Symptoms of Aphasia

  1. A symptom is a deviation from normal function which indicates the presence of a disorder.
    1. Temporary condition -As recovery takes place, some of these characteristics will lessen or disappear gradually and others will take their place.
    2. Different combinations - One aphasic will exhibit only a few of these symptoms; another patient will exhibit a different combination of symptoms.
  2. Spoken Language - Inadequate or inappropriate use of language through speech is the most readily observed. There are symptoms of omission in which linguistic units cannot be retrieved or are partially omitted, and symptoms of commission in which incorrect elements are selected unintentionally.
    1. Anomia refers to word finding difficulty. Patient is unable to evoke, retrieve, or recall a particular word. The problem is most evident in the case of nouns, but this may be because nouns constitute a large proportion of a speaker's word use. Some patients, unable to evoke an elusive word, substitute another word, phrase, gesture or use circumlocutions (i.e., they talk around or about the specific word. Verbal paraphasia and circumlocutions may be examples of a more generalized category of symptoms called anomia.
    2. Paraphasias - A paraphasia is a symptom of commission in that it is an incorrect word substituted for an intended or target word. It is the product of a breakdown at a stage of word-retrieval process and is a dominant symptoms within the more general category of anomia.
      1. Phonemic paraphasias also called literal paraphasias, involve the substitution, addition, or rearrangement of speech sounds so that the error can be identified as sounding like the target. Goodglass and Kaplan (1972) used the criterion that more than half of the intended word is preserved. Examples: pike/pipe, kipe/pipe
      2. Verbal paraphasias are identified based on whether there is a semantic relationship between the error and the intended word. Examples: wife/husband; talking/hearing
      3. Neologistic paraphasias are spoken words which cannot be identified as having come from the patient's language. Example: planker/comb; pinwad/light
    3. Circumlocutions - Some patients, unable to evoke an elusive word, substitute another word, phrase, gesture or use circumlocutions (i.e., they talk around or about the specific word. The circumlocuting patient might say, "I wear it right her (pointing to his wrist) " and I tell time with it."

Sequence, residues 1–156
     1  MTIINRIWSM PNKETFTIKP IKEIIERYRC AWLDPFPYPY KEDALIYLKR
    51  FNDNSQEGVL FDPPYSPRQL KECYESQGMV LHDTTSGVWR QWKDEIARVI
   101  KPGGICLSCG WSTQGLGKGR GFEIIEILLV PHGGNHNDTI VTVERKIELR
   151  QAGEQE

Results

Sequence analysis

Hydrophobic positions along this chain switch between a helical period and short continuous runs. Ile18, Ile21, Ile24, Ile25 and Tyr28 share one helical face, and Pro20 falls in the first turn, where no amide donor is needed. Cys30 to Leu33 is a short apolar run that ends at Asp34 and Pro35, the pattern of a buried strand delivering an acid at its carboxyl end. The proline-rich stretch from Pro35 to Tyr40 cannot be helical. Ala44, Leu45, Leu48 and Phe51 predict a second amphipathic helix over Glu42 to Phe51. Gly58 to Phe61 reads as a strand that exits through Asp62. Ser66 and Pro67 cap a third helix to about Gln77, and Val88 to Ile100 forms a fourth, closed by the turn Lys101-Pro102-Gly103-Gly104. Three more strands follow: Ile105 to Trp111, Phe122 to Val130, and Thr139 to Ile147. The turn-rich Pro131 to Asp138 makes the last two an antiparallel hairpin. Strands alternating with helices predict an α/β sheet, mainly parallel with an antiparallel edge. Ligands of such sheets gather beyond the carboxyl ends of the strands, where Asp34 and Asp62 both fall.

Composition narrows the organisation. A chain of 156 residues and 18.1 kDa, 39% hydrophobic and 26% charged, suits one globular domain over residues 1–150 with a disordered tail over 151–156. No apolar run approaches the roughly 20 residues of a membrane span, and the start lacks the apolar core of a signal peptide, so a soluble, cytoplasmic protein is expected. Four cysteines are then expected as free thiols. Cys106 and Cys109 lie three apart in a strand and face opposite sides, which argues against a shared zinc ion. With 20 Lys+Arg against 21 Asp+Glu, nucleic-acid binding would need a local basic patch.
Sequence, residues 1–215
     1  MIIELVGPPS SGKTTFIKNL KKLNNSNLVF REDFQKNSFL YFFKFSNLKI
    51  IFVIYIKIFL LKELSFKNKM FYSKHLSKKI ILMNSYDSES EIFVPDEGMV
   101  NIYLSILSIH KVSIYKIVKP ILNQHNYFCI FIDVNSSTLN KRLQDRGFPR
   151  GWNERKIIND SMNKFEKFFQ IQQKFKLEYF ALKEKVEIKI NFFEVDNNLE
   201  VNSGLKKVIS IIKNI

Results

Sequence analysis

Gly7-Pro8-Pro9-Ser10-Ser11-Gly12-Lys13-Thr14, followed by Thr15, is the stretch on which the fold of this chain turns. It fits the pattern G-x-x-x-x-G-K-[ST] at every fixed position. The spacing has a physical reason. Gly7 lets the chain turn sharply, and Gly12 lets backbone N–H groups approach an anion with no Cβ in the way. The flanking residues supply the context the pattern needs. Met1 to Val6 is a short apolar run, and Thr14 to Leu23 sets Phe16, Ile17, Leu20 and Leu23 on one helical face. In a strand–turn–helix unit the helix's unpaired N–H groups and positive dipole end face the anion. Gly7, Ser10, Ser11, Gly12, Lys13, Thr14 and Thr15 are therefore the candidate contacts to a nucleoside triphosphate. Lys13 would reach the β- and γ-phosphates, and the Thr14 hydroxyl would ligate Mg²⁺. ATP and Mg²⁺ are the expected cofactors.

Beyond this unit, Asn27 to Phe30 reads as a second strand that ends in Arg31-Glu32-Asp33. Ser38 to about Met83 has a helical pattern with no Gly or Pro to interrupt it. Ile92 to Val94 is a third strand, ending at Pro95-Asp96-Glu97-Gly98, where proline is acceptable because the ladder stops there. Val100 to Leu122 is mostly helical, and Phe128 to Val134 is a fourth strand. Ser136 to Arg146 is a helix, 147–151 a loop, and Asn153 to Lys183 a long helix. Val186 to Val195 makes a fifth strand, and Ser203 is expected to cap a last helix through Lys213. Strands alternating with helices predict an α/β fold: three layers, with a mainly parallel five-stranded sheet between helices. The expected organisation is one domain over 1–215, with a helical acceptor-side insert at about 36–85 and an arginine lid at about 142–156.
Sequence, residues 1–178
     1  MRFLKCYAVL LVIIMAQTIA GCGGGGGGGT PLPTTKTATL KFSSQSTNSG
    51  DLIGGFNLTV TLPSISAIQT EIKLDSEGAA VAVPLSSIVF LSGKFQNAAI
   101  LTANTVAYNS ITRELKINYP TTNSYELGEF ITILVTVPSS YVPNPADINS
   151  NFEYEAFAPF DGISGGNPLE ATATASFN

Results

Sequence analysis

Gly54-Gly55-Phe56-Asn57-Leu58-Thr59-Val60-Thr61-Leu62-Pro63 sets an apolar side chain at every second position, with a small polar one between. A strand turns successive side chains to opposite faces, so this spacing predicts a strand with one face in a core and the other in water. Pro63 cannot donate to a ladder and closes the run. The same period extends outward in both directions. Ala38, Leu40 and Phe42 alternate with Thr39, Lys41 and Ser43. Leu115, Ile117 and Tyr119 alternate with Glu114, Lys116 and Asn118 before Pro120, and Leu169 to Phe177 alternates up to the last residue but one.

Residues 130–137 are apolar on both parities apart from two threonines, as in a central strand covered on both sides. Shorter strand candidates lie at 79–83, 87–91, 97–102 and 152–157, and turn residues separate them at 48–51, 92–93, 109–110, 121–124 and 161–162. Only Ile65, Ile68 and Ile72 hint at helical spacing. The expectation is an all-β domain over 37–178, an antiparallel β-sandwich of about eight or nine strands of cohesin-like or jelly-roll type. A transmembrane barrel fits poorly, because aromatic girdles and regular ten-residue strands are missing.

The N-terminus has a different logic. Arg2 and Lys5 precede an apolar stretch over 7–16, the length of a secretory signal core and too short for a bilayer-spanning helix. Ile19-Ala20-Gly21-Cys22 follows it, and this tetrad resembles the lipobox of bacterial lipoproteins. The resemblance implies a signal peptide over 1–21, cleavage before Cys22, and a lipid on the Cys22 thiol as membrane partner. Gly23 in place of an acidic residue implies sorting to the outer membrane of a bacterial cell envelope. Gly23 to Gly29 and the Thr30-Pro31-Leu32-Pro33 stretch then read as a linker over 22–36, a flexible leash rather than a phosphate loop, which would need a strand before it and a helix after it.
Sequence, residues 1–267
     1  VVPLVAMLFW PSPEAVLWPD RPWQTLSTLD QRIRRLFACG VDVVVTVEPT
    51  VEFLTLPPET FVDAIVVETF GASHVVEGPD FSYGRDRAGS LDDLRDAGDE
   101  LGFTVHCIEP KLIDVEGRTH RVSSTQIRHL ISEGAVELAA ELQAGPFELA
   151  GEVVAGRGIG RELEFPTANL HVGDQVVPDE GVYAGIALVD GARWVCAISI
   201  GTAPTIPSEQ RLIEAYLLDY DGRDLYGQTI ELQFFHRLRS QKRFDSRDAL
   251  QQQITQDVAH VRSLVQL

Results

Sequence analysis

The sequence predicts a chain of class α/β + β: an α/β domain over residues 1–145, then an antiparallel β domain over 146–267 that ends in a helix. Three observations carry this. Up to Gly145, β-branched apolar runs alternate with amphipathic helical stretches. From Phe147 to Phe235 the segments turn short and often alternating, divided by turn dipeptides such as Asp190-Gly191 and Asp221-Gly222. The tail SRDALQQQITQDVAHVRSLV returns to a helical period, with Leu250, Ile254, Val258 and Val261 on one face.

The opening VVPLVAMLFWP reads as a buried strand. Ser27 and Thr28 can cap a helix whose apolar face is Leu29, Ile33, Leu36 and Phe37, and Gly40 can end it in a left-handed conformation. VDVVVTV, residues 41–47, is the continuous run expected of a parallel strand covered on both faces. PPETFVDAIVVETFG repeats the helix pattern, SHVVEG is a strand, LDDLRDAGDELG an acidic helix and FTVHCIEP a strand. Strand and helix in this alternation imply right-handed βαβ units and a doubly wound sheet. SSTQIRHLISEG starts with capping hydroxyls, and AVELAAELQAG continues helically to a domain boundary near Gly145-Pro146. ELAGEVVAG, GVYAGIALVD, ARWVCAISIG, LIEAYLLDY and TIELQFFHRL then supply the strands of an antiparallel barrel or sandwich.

4. Agrammatism - category of symptoms which include inadequate sentence productions. Agrammatism refers to attempts at sentence formulation in which the muscle is present but the skeleton is missing. Content words, such as nouns and verbs, are produced; but function words such as articles, verb auxiliaries, and prepositions, are omitted. Utterances sound like a telegram (telegraphic speech). Example: (1) Uh, boy...and, uh, girl; (2) Mother, father...making dogs, dogs; a boy, no two boys...and baseball; (3) Its a mother and a father fixing hot dogs..a picnic; I have two sons like this...boys playing baseball.
    5. Jargon - Almost opposite of telegramese in many respects, jargon is lengthy, fluently articulated utterance which makes little or no sense to the listener. It may consist of verbal and neologistic paraphasias.
      1. Neologistic jargon consists of neologistic paraphasias.
      2. Semantic jargon consists of unrelated verbal paraphasias (content words).
        1. Example: "My job was...original...him..concerned that I could tell him exactly what to take, and where to...take it that I could get away to the ...gestures for the conditions of one side...which would give me particular items or discussion according to that. I should have then convolve to the complete asculation...which would give me particulars to tendon, but I am not... not...available throwing back particulars until they were given to me." This example consists mainly of content or dictionary words. It illustrates a tendency for semantic jargon to maintain the syntactic component of language while the semantic component is elusive.
    6. Verbal Stereotypes - A verbal stereotype is a very restricted form of expression as it is used repeatedly by a patient, as if it were the only language form available.
  3. Auditory Comprehension - Aphasics with disturbances in the comprehension of spoken language hear the speaker but have difficulty understanding what is being said. The problem tends to become worse as utterance length or complexity is increased. Patients have difficulty when they are competing signals or when there is a rapid change in the nature of content of the message Patient's ability to comprehend may depend upon the general familiarity of the words used, the length, and informational content of the message, grammatical complexity, and intellectual demands. These deficits include failure to follow an instruction correctly, or irrelevant responses to questions.
  4. Written Language - Aphasic writing usually exhibits patterns which are similar to the speaking impairment. The writing component of aphasia is called agraphia. Linguistic symptoms can be masked by right-handed muscle weakness and by left-handed awkwardness.
  5. Reading - The reading deficit in aphasia has been called alexia, dyslexia. The dyslexias are observed in two ways, either during silent reading for comprehension or during reading aloud.


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